This particular program benefits 20 elected women from the province of Rhamna, and HAF’s goal is to implement 10 of the projects proposed during their community participatory planning activities, eventually benefitting 4000 people. 

The women trainees expressed that the training has already made a difference in their lives because they feel proud that they will be able to be active leaders in their communities. 

Prior to the training, most of the elected women found it challenging to participate in the political life of their communes because they lacked the necessary skills to be decision-makers concerning the issues of their communes. 

To understand more about their roles, we opened a discussion with them through the following questions: 

How do you feel about your role as elected women?

Some of the elected women feel that they haven’t had opportunities to get involved in political life in the sense that most of the decisions when they are made, do not include them. 

Others expressed that they don’t have enough knowledge about how the communes work, and they are not aware about their roles regarding nonprofit associations and civil society. And some of them said “I am not happy with my role because I feel as stuck in place as a stable rock and I can’t make change happen, although I want to do something good for my community but I don’t know how to make my role effective’.

In addition, some of them said: “I have enough knowledge but I don’t have the power to express my thoughts freely”.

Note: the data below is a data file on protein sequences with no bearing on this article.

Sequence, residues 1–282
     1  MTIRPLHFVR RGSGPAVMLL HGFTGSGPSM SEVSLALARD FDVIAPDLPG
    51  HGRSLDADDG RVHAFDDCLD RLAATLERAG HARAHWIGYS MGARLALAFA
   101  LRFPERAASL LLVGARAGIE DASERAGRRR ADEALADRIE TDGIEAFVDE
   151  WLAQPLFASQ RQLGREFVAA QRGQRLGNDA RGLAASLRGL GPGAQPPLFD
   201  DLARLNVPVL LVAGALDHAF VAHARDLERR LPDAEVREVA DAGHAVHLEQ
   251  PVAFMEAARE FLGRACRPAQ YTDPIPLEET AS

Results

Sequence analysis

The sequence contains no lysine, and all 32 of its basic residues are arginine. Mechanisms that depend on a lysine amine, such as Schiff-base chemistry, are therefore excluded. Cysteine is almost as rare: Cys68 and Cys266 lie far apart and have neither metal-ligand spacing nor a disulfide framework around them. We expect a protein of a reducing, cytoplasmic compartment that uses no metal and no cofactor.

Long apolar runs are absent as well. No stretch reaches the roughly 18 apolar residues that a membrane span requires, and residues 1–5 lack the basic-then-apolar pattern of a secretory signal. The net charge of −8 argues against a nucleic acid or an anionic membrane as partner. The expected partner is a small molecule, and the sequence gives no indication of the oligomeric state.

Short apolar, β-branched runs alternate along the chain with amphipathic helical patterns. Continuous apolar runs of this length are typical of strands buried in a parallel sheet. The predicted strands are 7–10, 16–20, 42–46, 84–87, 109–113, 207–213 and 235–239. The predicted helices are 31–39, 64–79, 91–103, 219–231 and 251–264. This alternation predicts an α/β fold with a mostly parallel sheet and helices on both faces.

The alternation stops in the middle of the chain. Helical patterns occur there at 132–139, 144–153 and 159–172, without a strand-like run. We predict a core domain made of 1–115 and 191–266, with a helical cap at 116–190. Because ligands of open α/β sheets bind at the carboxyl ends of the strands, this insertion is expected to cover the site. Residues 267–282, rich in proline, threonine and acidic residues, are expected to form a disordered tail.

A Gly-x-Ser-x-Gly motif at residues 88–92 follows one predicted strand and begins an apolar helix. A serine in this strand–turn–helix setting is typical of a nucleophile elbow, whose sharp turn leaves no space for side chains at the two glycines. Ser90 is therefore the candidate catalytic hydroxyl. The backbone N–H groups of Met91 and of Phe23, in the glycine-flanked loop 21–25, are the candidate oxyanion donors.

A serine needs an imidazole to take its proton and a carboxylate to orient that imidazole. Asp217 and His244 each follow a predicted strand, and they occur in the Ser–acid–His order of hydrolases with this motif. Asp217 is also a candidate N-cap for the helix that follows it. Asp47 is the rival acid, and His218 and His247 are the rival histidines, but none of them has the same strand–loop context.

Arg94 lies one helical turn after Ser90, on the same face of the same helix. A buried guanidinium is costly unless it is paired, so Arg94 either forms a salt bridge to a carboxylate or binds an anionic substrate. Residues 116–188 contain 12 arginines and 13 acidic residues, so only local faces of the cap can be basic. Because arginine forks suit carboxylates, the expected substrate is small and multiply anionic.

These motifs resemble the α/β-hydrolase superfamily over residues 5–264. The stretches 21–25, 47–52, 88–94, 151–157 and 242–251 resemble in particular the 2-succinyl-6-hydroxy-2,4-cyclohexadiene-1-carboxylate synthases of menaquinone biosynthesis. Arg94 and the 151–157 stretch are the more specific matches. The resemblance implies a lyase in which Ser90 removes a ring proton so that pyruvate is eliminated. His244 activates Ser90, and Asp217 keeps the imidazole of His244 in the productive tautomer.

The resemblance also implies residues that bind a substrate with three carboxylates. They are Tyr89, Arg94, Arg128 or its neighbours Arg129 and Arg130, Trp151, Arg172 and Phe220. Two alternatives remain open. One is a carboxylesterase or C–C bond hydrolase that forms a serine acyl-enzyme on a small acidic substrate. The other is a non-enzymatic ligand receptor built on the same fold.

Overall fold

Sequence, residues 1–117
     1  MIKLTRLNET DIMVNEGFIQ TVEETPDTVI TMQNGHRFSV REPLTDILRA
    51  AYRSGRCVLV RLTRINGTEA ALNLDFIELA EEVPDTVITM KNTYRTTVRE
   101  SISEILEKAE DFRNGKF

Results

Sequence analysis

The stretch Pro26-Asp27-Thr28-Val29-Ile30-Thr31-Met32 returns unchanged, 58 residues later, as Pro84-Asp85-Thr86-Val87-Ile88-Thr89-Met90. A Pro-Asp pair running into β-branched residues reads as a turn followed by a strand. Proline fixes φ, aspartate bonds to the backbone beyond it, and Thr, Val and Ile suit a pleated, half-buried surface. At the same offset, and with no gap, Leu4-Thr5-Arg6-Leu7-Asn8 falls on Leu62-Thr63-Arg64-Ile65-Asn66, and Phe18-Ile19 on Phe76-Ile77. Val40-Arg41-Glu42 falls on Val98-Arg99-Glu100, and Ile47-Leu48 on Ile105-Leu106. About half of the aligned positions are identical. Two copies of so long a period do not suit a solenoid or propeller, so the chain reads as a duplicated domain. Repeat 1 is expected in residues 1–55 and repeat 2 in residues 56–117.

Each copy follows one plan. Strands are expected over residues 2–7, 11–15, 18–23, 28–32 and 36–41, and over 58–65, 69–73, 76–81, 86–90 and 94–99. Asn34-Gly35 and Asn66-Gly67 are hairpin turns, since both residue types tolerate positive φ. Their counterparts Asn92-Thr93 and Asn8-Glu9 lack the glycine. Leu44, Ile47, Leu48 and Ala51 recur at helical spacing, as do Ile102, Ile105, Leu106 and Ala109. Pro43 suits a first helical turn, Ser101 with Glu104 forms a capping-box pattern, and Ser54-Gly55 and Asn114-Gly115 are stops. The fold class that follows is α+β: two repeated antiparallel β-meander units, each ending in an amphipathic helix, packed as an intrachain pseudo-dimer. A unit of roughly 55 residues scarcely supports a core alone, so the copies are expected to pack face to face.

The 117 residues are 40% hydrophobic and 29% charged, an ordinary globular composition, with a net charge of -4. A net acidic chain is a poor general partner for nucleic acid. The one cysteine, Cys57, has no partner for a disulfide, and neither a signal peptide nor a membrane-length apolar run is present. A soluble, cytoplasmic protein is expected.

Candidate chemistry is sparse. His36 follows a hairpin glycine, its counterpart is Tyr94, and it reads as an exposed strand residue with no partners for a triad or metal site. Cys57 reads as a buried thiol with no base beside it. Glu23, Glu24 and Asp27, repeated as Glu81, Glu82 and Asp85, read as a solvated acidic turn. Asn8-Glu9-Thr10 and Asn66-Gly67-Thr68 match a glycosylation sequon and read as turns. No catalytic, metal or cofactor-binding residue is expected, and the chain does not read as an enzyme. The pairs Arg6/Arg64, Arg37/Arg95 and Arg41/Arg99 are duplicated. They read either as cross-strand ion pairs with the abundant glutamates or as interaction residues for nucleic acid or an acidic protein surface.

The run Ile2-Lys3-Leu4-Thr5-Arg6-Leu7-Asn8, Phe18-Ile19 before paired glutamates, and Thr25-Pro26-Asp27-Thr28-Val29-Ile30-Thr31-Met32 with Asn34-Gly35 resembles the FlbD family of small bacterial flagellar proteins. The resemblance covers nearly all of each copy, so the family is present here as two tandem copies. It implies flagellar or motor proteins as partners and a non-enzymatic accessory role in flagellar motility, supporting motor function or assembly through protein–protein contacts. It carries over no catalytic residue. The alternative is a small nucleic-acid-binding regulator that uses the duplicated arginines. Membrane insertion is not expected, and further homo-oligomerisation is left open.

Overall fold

How would you like to see your role as elected women?

Elected women hope to develop a sense of their responsibility for communal issues and be more active in their communities so that their thoughts will be voiced — and heard — in the communes they are working for.

What skills need to be gained in order for them to be more proactive? 

Elected women expressed that: “We have been participating in different workshops but we didn’t feel that we gained enough skills to be active in our communities”. And one of them added: “But I think the way HAF approaches us makes us feel that we can do a lot, and we will gain trust among our communities by being more responsible and active”.


To support them and motivate them, HAF organized a set of trainings and workshops where the elected women learned new skills of both group facilitation and identifying the needs of their communities. 

HAF has been supervising the trainee women in the participatory planning meetings held in their communities where they use  the methods and tools of the HAF participatory development approach in order to understand the community’s needs.  

In this program, HAF is trying to encourage and empower elected women to share their ideas with their communities and discuss social issues and governmental actions by being very proactive in order to acquire full political and social participation. Most importantly, with MEPI’s support, HAF is seeking to enhance leadership skills among elected women.

As we near the end of this particular program, the elected women feel supported because they finally are discovering how to assume their roles in a proactive way.

Not everything is certain, but everything is possible